Get It Quietly

Football, bollocks and a bit of poker if you're lucky.

Location: Enfield, London, United Kingdom

Friday, September 24, 2004

He won't say how many tried and died

Up against the top hand, up against the wrong man. There are a couple of subjects I'd like to put to bed on here, and move on to something else. One is to try to make it clear to people just how far uphill you're going when you chase the dream. Wouldn't it be great to sip champagne with Vince and Shania, with 2 million dollars piled up in front of you ? To hold up the winning WSOP hand for the cameras, gold bracelet placed front and centre on top of your huge mound of $100s ? Chris Moneymaker did it, why not me ?

For one reason, Chris Moneymaker has more bottle and nerve than 99% of the people who try their luck, but more importantly, we never get to see the thousands and thousands who couldn't qualify online. Who missed out in the $1000 supers. Who got half way through the field before running into Aces. Who even made the last three tables and then cracked.

With the WPT running an event every month, this should give us a better picture. Here are the winners from Series 2 (not counting crap like Invitationals and Ladies Nights) :

David Benyamine
Mel Judah
Noli Francisco
Erick Lindgren
Hoyt Corkins
Paul Phillips
Gus Hansen
Barry Greenstein
Antonio Esfandiari
Phil Gordon
Erick Lindgren again
Michael Kinney
Martin de Knijff

And series 3 so far :

Surinder Sunar
Doyle Brunson
Daniel Negreanu

How many amateurs can we see on there ? Perhaps Michael Kinney, I don't know, but I do know he played very well in that final. I could list off the runners up and there'd only be two or three amateurs max. Most weeks there are one or two who make the final, but they can't go the extra mile and win it, mostly because of the pressure I suspect. Even if you qualify for something like this you are up against people who have huge advantages, as follows :

  • They're better than you (duh)
  • They're much more experienced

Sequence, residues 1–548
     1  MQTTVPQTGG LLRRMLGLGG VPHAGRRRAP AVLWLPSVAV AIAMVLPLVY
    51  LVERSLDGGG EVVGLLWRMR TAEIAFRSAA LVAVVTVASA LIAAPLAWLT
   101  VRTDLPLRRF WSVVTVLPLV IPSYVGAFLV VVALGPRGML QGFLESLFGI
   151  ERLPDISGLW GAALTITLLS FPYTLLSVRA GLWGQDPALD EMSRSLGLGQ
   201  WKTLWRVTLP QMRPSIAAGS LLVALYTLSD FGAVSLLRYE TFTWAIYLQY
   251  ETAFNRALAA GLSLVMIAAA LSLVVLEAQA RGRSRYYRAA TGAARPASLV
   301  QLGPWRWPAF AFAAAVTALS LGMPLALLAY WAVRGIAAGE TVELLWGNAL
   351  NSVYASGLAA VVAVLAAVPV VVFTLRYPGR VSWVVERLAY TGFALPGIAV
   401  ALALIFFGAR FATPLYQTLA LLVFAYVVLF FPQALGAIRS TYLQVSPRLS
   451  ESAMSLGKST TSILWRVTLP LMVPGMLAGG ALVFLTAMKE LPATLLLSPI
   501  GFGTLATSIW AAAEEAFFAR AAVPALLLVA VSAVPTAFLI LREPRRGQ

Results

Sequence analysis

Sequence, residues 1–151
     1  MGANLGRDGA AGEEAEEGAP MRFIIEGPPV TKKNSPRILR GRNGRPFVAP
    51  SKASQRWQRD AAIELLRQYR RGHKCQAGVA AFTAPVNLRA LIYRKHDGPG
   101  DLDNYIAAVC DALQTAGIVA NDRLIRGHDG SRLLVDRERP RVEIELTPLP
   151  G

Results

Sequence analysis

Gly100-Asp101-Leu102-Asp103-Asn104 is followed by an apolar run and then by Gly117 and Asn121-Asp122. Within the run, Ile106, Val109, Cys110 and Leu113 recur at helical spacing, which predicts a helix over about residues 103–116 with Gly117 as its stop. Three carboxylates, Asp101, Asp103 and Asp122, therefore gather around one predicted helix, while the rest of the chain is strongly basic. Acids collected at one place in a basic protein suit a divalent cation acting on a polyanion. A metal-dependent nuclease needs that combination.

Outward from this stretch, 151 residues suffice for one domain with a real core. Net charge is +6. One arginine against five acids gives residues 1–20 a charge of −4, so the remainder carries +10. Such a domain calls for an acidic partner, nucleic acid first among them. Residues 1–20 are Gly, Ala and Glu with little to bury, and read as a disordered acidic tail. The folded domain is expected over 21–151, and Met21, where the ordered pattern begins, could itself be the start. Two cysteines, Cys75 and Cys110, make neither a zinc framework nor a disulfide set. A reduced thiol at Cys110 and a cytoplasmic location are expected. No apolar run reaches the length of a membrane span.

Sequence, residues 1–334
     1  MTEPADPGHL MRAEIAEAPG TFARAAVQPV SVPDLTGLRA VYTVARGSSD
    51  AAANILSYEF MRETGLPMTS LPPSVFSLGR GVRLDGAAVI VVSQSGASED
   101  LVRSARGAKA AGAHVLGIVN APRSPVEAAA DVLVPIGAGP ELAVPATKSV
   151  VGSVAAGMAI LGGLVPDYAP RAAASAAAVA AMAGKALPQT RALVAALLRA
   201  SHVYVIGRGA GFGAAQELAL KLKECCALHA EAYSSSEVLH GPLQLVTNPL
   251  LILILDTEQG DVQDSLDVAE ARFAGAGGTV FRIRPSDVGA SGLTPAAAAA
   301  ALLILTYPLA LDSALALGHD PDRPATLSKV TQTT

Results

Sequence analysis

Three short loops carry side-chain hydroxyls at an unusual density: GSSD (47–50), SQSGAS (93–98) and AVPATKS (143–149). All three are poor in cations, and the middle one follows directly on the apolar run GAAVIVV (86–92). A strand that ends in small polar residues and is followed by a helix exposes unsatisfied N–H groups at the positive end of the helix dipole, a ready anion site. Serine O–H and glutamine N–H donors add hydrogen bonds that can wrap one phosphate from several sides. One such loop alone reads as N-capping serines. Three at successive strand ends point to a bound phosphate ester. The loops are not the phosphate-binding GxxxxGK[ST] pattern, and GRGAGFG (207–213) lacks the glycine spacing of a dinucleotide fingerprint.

• They're used to playing 8 hours a day for 4 days at that level, with that intensity
  • They can handle playing for large amounts of money without it affecting their decisions
  • Many are backed which eases pressure considerably (Josh Arieh in his ESPN interview : "Yes I am backed, and a lot of the top players are backed as well. "). Many of the others are independently well off, eg Phil Gordon and Paul Phillips

You can't just look at the odd winner when you think about this. It's like asking a jackpot winner what he thinks of the lottery, or asking the Queen if we should keep the monarchy. Have a look at this for example. Here's a very clever guy, to whom money is no object, travelling the WPT. No disrespect is intended, but count up the events he has played and how much he's won. He's doing his nuts. Do you think you can do any better ?

Take the odd shot if you like but wasting a lot of time and money on this is a bad idea. Think about how many tried and died before you draw against the John Wesley Hardins of the poker world.


Blogger Big Dave D said...

You thought Michael Kinney played well in that telecast? He didnt quit suck as much as that old guy but from what we saw I thought he made some terrible plays. That move allin with quads? That "most obvious bluff" award? I honestly thought the quality of that final, from what we saw, was truely terrible.



4:22 PM  
Blogger Andy_Ward said...

Well, I only saw half of it, then I got bored :-)

8:36 PM  
Anonymous Anonymous said...

I've been reading that guy's blog for some time now Andy and came to the same conclusion as you. As far as I can see, he has not cashed once in all the games he's played. Ok, fair play to him and all that, he's loaded and gets to do what would be most poker player's dream effectively for free. But, he must be a poker pro's best friend. He's always out to dinner with the big boys and seems to be very very welcome. Not to suggest anyone's taking advantage, but to some pro's, it must be very useful to have him around :-) Can't remember who wrote the article about some of the worst things that happen on the tournament circuit (Daniel N, wrote a comment about that piece), but Mr Brodie seems to fit the description of "very rich amateur, subsidising the pro's" very well.

But, at the end of the day he's not going to lose any sleep over it and the pro's have their fish. Looks like everyone is happy.


Commie Boy

1:07 PM  

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